How to define it
Responsible Research & Innovation (RRI) is an approach to research & innovation (R&I) that anticipates and assesses its potential implications and societal expectations of it in order to make inclusive and sustainable. RRI has been used in the Horizon 2020 programme to group cross-cutting concepts of societal aspects of science and innovation within the objective of the Science with and for Society (SwafS) agenda. It is also set to play a major role in the Horizon Europe programme.
What role should it play in R&I
RRI can assist in managing the relations between different Quadruple Helix stakeholder groups, for example between civil society and those running R&I programmes. It is an effective solution which allows for a transparent and interactive process in which social and different actors, both those responsible and not responsible for innovation, become mutually responsible for the innovation process. It achieves impact through allowing sufficient incorporation of scientific and technological advances in our society.
Six keys to rule them all
RRI supports advanced R&I strategies. To help embed it into the way researchers and innovators work, the five key themes have been defined for policymakers to consider, usually referred to as the RRI keys:
- Gender equality: tackles gaps between women and men, for example by ensuring that gender dimensions are taken into consideration in R&I, decision-making, the allocation of funding, and in the makeup of teams and organisations.
- Open access: attempts to make science transparent and accessible. It stresses that the results of publicly funded research (publications and data) should be made freely accessible for public use online.
- Citizen engagement: stresses that the public, including civil society organisations, should jointly participate in the R&I process, rather than the traditional pillars of researchers, industry, and policy makers which have traditionally fed into it.
- Science education: confronts the challenge of better preparing future researchers and other social actors, providing them with the tools and knowledge necessary to participate fully in the R&I process, as well as equipping citizens to take part in forming science policies.
- Ethics: requires R&I to respect fundamental rights and the highest ethical standards in order to guarantee greater social relevance and greater acceptance of the results of research and innovation.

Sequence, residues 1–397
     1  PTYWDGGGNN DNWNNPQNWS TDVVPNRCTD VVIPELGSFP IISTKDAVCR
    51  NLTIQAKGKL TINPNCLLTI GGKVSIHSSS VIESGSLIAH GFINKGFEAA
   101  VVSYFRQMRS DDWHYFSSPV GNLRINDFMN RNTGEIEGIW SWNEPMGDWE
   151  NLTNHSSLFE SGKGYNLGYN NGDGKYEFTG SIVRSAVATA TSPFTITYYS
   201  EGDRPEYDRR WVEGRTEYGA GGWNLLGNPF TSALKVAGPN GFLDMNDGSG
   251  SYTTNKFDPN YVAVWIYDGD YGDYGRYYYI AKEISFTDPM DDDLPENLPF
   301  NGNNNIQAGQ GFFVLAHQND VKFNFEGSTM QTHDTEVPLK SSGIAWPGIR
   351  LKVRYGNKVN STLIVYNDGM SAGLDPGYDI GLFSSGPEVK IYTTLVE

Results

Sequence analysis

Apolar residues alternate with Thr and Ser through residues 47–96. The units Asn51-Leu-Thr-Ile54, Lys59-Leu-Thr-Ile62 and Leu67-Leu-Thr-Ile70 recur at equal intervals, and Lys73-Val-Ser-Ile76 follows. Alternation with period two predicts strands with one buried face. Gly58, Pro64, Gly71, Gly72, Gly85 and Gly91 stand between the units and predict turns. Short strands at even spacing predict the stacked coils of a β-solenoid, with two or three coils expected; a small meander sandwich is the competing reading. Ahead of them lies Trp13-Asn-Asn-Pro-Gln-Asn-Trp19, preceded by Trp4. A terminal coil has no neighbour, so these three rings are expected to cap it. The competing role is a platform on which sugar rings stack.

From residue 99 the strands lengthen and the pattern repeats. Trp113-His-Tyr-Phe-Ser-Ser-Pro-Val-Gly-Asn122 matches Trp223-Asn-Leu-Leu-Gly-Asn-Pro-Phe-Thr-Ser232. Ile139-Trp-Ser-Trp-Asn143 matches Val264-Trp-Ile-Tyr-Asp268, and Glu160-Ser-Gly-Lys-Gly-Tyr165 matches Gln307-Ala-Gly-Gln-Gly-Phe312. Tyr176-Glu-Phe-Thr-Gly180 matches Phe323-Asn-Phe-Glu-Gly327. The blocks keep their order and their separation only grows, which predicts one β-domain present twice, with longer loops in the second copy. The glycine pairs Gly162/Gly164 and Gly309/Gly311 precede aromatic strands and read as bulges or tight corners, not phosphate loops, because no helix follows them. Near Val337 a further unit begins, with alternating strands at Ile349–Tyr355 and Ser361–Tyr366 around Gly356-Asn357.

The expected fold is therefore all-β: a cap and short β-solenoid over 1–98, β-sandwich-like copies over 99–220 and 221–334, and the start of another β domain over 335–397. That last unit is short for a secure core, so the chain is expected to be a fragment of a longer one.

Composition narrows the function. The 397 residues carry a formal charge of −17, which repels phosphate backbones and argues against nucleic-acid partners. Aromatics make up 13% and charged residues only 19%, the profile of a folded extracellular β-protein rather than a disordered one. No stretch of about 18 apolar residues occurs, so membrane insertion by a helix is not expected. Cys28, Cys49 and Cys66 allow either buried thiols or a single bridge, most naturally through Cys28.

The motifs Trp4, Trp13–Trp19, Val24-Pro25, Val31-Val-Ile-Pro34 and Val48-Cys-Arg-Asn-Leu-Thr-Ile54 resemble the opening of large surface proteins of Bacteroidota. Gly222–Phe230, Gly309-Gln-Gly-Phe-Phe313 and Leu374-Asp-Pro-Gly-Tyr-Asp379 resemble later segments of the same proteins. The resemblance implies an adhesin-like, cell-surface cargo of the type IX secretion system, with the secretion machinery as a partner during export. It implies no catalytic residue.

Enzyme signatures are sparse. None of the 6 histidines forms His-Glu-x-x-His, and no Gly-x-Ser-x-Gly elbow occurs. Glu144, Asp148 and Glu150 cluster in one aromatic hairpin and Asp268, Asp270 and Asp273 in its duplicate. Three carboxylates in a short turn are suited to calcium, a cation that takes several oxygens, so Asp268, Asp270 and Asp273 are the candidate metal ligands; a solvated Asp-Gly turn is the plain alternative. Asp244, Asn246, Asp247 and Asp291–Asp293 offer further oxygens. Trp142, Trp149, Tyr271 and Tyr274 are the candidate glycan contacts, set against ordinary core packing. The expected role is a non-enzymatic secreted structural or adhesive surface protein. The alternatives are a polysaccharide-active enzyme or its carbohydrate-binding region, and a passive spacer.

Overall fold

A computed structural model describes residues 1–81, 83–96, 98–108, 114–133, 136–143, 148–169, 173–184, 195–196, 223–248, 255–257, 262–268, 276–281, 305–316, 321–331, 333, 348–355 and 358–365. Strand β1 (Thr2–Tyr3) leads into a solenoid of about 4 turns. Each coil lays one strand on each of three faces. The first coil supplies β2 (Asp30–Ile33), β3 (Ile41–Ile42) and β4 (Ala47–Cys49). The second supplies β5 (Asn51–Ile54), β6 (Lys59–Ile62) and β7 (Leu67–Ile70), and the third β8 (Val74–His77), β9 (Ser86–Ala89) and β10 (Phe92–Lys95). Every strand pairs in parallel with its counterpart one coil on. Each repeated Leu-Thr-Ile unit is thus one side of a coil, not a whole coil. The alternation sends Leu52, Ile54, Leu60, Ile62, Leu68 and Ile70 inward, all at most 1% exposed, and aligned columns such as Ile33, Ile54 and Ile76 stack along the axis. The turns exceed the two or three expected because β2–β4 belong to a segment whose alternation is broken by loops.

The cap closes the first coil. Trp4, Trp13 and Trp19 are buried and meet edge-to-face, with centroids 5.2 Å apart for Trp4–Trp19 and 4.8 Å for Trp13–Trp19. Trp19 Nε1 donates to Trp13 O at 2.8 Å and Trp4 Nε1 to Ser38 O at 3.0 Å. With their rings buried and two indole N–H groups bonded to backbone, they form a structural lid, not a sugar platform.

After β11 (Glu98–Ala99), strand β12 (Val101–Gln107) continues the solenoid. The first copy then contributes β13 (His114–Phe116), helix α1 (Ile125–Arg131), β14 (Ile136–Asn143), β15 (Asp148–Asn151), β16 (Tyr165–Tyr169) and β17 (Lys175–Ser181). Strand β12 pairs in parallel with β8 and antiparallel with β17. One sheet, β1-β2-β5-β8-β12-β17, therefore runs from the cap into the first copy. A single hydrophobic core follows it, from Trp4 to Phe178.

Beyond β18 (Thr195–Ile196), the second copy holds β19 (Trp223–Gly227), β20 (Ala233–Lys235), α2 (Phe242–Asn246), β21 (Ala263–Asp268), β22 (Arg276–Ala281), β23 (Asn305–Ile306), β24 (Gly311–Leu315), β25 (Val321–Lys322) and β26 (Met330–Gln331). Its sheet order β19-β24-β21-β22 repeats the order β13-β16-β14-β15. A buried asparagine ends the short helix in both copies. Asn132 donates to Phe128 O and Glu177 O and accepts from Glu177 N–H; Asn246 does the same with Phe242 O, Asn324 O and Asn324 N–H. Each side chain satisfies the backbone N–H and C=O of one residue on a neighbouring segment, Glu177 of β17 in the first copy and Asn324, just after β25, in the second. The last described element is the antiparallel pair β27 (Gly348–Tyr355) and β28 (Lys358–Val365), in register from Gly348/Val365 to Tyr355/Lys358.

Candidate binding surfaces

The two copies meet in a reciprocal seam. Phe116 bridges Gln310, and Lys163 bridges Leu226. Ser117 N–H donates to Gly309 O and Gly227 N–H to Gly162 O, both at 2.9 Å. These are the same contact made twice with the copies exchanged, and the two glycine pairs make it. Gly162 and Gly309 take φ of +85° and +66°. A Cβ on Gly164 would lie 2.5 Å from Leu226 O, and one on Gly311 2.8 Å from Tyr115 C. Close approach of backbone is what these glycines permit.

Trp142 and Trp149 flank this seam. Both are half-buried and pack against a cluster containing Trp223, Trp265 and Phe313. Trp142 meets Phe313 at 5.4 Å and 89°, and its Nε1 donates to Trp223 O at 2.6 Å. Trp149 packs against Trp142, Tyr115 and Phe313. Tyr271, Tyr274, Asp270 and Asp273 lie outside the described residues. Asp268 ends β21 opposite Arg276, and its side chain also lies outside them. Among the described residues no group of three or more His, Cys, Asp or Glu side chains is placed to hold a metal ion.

Why Responsible Research and Innovation
R&I has improved our world and our lives in many ways. However, alongside the positive impact on the material and physical well-being of society, science and technology sometimes create new risks and ethical dilemmas. They may generate controversy and fail to solve problems. In the worst-case scenarios often presented in science fiction, they may lead to societal breakdown or apocalyptic wars between machines and humans. RRI answers these challenges by engaging all actors (from researchers and innovators to governments and citizens) through inclusive and participatory methodologies. To be effective, the participation takes place at all stages of the process and at all levels of governance of R&I (from program planning, through design, implementation, and evaluation). Research and innovation will address societal challenges and be aligned with the values, needs and expectations of the general public. This is not just an ethical or societal issue. It is about improving scientific production, diversifying research programs, and considering the complexities of the real world.
How TetRRIS will implement territorial RRI
Our understanding of RRI is tentatively twofold: On the one hand, we will use the definition of the European Commission implementing the practice of RRI in terms of the five RRI dimensions; public engagement of lay citizens and stakeholders, enabling easier access to scientific results, giving due attention to questions of gender and ethics in R&I processes, and providing formal and informal science education. A more academic definition of RRI – or Responsible innovation – has usually included four dimensions; anticipation, reflexivity, inclusion and responsiveness (Stilgoe et al. 2013). TetRRIS project makes use of these both and several other approaches, which advance responsibility related thinking and action in research and innovation.
For more detailed information on RRI, TetRRIS highly recommends taking a look at the explanations and videos on the website of RRI Tools, an initiative that serves to inform in detail about all aspects of RRI.